Below, Galit provides us with her insight and offers suggestions for those of us dealing with the sometimes underhanded, often overt cruelty of parenting social media. I hope you will find it as useful as I did. (I’ve been trying to incorporate her ideas into my own online dealings, and I’m already finding that it makes a difference. Seriously.)

 

FFF: Can you tell us how the idea for the book came about?

Galit Breen (GB): Last summer I wrote an article about marriage for The Huffington Post and the comments that came in on it were about my weight and how fat I looked in my wedding dress. I went to a very sad place at first, but a few months later, when I had moved past the sadness, I wrote a second article for xoJane calling out my cyberbullies and saying two simple things: we can do and be better than talking about people’s bodies at first contact and let’s be kinder to each other online. That article went viral and was featured on Time.com, the Today show, and Inside Edition.

Right around the same time, my daughter began more-than-hinting that she’d like to tweet, pin, and post photos online. I had a hard time wrapping my brain (and heart) around sending her into an online space where I had just been cyberbullied. But I love social media and the connectivity and creativity it provides more than I’m scared of it, so I didn’t say no.

Galit Breen. Photo credit: Nicole Spangler

Galit Breen. Photo credit: Nicole Spangler

Instead, we sat down together and took a look at accounts of kids we both knew and adored. It was then that I saw the kinds of mistakes kids make online. I knew that they weren’t making these mistakes because they’re mean kids, they were making them because they didn’t instinctively know how to be kind online.

We’re the first generation of parents and teachers raising digital kids without having been digital kids ourselves, so we can’t look back at what we were taught to guide what we’ll teach our kids. So when they reach a certain age, we send them online sans the (kindness) talk that maneuvering online requires.

Realizing this, I knew (almost) immediately that I could use what I know from six years of social media work + ten years of parenting and classroom teaching to change this conversation. And that’s how the idea for Kindness Wins was born.

FFF: Why do you think it’s so important for us to be kinder online, and to teach our kids to do the same? 

GB: The fact that the article that went viral was the one calling for online kindness says a lot of good things about our society. I think we all realize that this space we’re in right now where our answer to online cruelty is, Don’t read the comments, isn’t quite right. The rub should really be, Let’s change the comments.

By banding together to commit to this, we can create a culture of kindness where we expect kindness and we’re surprised by cyberbullying, where we’re all watching out for each other and for each others’ children, where there’s a safer and kinder online space for all of us.quotescover-JPG-72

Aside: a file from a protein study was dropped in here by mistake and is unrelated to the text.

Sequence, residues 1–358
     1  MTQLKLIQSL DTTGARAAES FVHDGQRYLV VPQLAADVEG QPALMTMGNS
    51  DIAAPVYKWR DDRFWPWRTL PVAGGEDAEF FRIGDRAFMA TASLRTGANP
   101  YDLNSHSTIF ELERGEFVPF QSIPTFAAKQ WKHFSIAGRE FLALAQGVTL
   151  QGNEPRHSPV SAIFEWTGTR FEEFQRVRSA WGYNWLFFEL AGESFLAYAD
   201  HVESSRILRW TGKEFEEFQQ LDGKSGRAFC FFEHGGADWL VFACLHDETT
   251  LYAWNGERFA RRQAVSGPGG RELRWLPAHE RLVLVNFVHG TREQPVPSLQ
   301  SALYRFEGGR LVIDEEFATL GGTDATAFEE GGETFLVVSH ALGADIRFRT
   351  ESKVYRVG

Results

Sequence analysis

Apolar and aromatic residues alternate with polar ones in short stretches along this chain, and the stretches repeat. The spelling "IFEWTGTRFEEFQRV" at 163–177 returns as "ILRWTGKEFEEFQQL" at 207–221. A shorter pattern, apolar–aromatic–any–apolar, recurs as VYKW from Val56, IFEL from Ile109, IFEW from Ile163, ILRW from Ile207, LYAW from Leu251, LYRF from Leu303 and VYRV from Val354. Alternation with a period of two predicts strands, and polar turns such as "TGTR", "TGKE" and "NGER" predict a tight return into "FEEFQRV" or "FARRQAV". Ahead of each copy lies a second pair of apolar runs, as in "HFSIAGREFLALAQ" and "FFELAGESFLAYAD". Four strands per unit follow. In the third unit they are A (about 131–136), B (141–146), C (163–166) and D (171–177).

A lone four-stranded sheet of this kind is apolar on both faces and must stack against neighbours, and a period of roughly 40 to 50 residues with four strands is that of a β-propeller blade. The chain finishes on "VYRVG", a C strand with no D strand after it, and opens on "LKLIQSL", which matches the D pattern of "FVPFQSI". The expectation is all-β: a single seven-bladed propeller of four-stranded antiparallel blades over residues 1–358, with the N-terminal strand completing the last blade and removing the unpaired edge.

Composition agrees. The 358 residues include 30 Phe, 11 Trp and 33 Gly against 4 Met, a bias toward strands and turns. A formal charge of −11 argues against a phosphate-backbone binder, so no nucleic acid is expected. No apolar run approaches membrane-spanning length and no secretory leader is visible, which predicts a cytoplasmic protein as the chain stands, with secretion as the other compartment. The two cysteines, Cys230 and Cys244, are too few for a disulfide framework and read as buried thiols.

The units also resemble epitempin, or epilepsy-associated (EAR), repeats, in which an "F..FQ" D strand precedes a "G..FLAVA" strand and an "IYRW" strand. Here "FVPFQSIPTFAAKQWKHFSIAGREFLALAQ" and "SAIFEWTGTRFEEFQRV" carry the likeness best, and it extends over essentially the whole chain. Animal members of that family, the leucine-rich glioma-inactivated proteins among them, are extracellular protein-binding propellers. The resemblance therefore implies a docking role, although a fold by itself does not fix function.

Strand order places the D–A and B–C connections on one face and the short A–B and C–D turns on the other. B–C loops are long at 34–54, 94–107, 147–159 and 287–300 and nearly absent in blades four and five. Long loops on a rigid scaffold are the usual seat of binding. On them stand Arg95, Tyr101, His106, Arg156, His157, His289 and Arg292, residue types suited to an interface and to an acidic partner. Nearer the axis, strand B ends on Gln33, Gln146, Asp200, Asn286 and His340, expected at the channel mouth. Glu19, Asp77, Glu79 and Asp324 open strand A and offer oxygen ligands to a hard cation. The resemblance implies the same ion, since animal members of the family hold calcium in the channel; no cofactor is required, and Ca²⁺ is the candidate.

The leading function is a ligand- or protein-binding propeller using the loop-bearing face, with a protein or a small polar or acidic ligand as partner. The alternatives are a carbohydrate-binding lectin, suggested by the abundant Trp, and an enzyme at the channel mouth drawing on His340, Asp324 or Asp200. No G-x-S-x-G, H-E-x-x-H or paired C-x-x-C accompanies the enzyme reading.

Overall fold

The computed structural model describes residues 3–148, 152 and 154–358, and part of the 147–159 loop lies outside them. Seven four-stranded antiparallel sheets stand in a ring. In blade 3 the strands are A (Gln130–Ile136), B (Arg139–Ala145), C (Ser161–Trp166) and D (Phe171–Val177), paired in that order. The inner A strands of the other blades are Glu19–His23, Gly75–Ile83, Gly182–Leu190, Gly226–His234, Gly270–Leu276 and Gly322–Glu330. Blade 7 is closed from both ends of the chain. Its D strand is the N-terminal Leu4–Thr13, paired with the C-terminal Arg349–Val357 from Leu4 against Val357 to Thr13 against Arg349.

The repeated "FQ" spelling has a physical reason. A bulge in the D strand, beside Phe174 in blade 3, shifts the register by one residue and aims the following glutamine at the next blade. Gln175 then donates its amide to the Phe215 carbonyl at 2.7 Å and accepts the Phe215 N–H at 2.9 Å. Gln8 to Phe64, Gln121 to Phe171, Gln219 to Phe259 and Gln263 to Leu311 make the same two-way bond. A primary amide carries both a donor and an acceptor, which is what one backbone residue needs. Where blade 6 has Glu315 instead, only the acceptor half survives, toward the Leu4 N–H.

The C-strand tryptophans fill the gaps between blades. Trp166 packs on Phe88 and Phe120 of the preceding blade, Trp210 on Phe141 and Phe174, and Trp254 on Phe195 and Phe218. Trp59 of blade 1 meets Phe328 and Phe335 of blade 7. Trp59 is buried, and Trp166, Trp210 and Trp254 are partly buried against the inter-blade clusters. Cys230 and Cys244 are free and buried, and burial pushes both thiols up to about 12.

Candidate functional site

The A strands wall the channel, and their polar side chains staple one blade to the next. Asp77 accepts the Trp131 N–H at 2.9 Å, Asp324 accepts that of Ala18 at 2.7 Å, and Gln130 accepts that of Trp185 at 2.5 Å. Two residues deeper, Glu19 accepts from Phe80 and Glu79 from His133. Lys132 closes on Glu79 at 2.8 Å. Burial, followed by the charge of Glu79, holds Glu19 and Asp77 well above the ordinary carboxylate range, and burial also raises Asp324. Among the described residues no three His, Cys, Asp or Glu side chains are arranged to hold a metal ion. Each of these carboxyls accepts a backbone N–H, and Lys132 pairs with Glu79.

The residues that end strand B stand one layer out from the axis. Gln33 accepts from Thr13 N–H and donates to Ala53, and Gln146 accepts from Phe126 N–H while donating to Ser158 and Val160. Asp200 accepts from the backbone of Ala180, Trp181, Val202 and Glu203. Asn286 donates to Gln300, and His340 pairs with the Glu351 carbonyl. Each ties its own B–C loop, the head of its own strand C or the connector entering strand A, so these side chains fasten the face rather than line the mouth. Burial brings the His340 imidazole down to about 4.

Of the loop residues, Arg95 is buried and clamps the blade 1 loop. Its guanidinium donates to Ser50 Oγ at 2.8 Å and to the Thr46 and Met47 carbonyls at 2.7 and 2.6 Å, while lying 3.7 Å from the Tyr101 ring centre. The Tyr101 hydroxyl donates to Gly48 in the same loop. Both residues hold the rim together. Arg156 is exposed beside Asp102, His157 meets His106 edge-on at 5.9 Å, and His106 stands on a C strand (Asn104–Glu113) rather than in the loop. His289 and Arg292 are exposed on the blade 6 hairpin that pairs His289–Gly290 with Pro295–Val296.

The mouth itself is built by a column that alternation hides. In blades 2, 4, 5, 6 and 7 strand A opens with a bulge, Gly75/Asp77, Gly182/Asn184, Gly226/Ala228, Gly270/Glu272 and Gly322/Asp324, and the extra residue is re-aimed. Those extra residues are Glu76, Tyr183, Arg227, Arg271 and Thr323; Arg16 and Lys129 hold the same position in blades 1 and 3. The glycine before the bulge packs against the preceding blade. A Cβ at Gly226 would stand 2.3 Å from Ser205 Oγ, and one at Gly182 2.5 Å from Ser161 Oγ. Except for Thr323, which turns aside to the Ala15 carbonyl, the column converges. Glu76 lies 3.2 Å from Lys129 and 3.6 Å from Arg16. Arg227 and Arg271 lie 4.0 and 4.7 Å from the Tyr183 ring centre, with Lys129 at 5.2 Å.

FFF: What about when you are dealing with strangers on Facebook forums and comment sections? Since these are basically anonymous strangers, is it really that important to be nice? 

GB: There’s someone on the other side of the screen is the foundation of online kindness. We should treat people online in the exact same way we’d treat them in person. But our online interactions begin with a cropped and filtered avatar and picking and choosing what to share and how to share it is much like editing our lives. There’s absolutely nothing wrong with these things! But they do set us up for forgetting what deep down I think we all know—there’s a human being on the other side of our comments.

Because when we interact online we don’t have physical cues—teary eyes, shaky voice–to tell us if we’ve hurt someone’s feelings, we need to understand the impact of online words perfectly before we engage online. The good news is that their impact is exactly the same as that of in-real-life words. So if we wouldn’t walk up to someone and say the comment out loud, to their face, while looking into their eyes, then we shouldn’t type them online.

FFF: Do you think that the way we interact online rubs off on our in-real-life interactions, or are people generally nicer in the real world? In other words, how do our online personas affect our real-life personas?

GB: This is such an interesting question! It’s so important for kids—and adults—to know that the way they treat people online and how they present themselves online should match the way they treat people and present themselves in person. When we forget these, we fall into the traps of “Greener Grass Perception,” jealousy, inauthenticity, and accidental meanness.

Many people see the potential for online dishonesty as a detriment or a reason to stay offline. But I think social media provides so many opportunities for connecting with others and being creative. So I see it as a freeing positive—the invitation to just be you.

Social media is also the great equalizer for introverts and extroverts—everyone has a voice online. I learned how to use my voice, that others would listen, that everyone has a story, and how to connect with others through their stories and mine via blogging and social media. This experience opened so many friendship and career doors for me! So in this way, when used correctly, I do think that our online experiences can affect our real life ones.

This is why it’s so important to have these conversations with our kids and with each other. We all have a choice in how we use social media and how we choose to let it affect us. Might as well choose wisely, right?

FFF: Let’s say you vehemently disagree with what someone says in a Facebook thread, on any given “hot topic”. Is there a way to state your opinion politely and kindly, but still get the point across?